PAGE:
Breaking: GCs Still Making a Ton of Money

By Gabriella Khorasanee, JD on July 18, 2014 | Last updated on March 21, 2019

Earlier this week, Corporate Counsel released the results of its 2014 GC Compensation Survey, which lists the top 100 (with caveats) best-paid general counsel. And while we all know that GCs make a lot of money, when you actually see the figures, I assure you, your jaw will drop.

So here goes, let's all turn green with envy picture what we would do with $5 million as we take a look at the survey results.


To make the list of GC salaries, ALM Legal Intelligence went through the proxies of Fortune 500 companies, and ranked those with the highest "cash compensation, which includes salary, bonus and nonequity incentive compensation." The survey purports to list the top 100 earners, but there are a few caveats to note at the outset. First, the SEC only requires reporting of public companies' CEOs and four highest-paid executives, which often, but not always includes GC. Also, if a company filed its proxy statement after May 31, or is not a public company, then those companies' GC salaries were not considered.


Here are some of the top-earning GCs according to the 2014 survey:

1. Brackett Denniston, General Electric $5,827,000 (was 1st in 2013 also);

2. Gary G. Lynch, Bank of America $5,456,840 (up from 3rd in 2013) (when you add in stock realized or exercised, the total goes up to $7,412,269);

3. Gerson Zweifach, Twenty-First Century Fox $5,250,000 (up from 13th in 2013);

4. Paul T. Cappuccio, Time Warner $5,062,685 (was 4th in 2013 also) (when you add in stock realized or exercised, the total goes up to $14,968,830);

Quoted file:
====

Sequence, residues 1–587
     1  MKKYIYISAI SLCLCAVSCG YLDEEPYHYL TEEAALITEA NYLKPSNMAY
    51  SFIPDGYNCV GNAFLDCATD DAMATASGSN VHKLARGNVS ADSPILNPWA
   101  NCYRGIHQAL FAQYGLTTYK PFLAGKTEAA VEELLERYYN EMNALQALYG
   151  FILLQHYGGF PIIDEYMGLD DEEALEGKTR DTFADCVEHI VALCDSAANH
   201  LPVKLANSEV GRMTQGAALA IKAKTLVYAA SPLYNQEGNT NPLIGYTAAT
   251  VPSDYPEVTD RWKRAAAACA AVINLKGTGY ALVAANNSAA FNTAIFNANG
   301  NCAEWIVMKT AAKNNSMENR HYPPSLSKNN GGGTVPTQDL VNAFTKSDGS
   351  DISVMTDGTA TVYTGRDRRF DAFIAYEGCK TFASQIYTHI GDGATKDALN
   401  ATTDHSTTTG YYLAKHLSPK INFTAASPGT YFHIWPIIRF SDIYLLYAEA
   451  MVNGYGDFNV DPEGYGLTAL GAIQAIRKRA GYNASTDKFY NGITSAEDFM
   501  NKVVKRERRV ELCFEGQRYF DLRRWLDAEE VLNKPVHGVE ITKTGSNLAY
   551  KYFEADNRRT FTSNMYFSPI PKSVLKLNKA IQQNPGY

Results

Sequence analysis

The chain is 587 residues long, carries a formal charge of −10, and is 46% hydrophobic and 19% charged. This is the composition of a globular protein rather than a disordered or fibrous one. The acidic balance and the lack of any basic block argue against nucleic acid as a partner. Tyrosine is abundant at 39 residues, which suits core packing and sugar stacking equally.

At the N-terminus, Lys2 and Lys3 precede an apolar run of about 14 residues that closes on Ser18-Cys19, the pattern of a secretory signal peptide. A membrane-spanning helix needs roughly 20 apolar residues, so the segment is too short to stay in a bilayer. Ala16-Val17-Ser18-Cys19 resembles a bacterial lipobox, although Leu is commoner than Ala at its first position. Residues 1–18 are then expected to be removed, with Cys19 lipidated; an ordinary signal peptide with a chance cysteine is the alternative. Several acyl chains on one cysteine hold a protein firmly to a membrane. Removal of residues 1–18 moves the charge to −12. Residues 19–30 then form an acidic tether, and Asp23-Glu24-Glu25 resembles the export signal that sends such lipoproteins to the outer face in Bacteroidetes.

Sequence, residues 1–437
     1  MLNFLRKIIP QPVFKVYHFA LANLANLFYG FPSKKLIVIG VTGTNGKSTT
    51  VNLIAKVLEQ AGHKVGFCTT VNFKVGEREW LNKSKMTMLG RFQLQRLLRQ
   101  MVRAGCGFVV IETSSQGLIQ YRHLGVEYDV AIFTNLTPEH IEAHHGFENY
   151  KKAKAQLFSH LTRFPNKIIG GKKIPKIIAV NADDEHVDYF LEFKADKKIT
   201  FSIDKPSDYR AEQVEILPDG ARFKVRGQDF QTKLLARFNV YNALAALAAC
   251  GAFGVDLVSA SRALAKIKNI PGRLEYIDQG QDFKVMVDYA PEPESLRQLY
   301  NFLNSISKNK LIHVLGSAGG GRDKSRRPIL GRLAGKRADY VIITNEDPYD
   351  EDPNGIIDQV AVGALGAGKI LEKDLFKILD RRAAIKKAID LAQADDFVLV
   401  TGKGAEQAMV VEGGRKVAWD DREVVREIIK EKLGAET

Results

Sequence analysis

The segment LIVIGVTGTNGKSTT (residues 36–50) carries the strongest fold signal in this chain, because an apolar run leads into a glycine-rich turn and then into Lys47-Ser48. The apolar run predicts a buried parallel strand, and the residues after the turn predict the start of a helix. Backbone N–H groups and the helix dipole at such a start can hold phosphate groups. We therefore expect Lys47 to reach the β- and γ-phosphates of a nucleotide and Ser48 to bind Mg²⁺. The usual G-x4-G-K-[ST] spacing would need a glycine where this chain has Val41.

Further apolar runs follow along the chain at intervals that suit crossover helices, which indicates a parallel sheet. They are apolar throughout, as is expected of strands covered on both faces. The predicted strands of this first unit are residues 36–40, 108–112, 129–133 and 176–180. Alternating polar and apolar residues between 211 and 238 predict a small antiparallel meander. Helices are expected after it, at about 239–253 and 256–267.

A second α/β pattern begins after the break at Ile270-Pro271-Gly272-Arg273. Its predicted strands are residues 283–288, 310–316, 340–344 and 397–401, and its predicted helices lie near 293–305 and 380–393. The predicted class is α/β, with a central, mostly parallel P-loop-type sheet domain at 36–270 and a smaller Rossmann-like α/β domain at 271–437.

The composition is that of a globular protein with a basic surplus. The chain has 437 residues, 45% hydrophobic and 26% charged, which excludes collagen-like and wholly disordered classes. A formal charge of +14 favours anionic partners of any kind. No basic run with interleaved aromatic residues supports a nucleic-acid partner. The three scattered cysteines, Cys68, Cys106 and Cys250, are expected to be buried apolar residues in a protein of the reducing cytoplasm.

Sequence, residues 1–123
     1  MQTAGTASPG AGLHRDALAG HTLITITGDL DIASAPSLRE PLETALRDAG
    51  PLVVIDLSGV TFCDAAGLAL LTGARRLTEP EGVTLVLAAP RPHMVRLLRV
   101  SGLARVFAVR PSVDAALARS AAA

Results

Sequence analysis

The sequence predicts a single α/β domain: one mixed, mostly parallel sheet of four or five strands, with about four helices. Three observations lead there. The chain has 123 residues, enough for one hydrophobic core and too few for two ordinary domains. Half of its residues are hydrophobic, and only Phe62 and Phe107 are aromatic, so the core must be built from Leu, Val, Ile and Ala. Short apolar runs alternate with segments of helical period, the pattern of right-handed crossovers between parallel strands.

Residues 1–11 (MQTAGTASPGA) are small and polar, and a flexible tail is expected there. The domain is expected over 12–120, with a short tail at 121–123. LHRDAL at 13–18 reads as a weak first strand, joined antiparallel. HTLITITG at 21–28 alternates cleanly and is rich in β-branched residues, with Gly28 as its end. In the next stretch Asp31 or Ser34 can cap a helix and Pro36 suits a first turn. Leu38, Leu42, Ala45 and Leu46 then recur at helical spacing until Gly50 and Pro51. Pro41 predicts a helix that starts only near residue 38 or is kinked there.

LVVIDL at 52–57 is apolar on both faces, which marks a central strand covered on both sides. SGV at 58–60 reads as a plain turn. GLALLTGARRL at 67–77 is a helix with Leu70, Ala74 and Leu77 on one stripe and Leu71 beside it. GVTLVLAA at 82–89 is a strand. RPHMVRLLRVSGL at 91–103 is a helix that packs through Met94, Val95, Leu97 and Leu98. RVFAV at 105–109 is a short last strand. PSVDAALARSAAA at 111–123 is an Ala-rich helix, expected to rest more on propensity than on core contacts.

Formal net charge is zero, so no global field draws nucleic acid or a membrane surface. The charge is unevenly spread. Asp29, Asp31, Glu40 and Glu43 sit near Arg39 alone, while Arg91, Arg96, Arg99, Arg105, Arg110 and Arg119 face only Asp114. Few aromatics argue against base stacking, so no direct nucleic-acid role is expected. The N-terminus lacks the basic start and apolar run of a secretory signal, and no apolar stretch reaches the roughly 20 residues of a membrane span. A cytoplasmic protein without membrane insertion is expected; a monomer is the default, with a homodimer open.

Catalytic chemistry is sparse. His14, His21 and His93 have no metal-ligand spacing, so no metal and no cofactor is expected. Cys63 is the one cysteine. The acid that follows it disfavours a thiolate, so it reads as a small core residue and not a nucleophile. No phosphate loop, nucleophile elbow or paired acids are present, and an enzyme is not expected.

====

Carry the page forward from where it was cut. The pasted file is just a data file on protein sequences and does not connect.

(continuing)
5. John Finley, Blackstone Group $4,562,555 (first time on list) (when you add in stock realized or exercised the total goes up to $6,746,555).

Where the Ladies At?

Survey results were broken down by gender for the first time and "Despite the gloomy data, better news may be on the horizon for women," says Corporate Counsel. What are the gloomy results? Twenty women made it in the top 100, but none made it into the top 10 category. One recruiter notes that "general counsel are less likely to leave top in-house spots until they've seen performance awards vest," which may explain the low number of women on the list. That said, the recruiter noted that almost half of the recruiting firm's placements are women, which will lead to more women moving up the ranks to GC -- as the positions open up.

These figures may be overwhelming, but as we've noted before that GCs of the future will have to be counselors, strategists and leaders, and their salaries reflect that. As one consultant noted, GCs "are expected to have the full spectrum of understanding of the business and they may give advice -- give guidance through a legal lens--but they're really there as a business partner."

Editor's Note, July 19, 2016: This post was first published in July, 2014. It has since been updated. (If you're looking for the 2015 survey, check here. Spoiler alert: GCs are still making a ton of money.)

Related Resources:

Copied to clipboard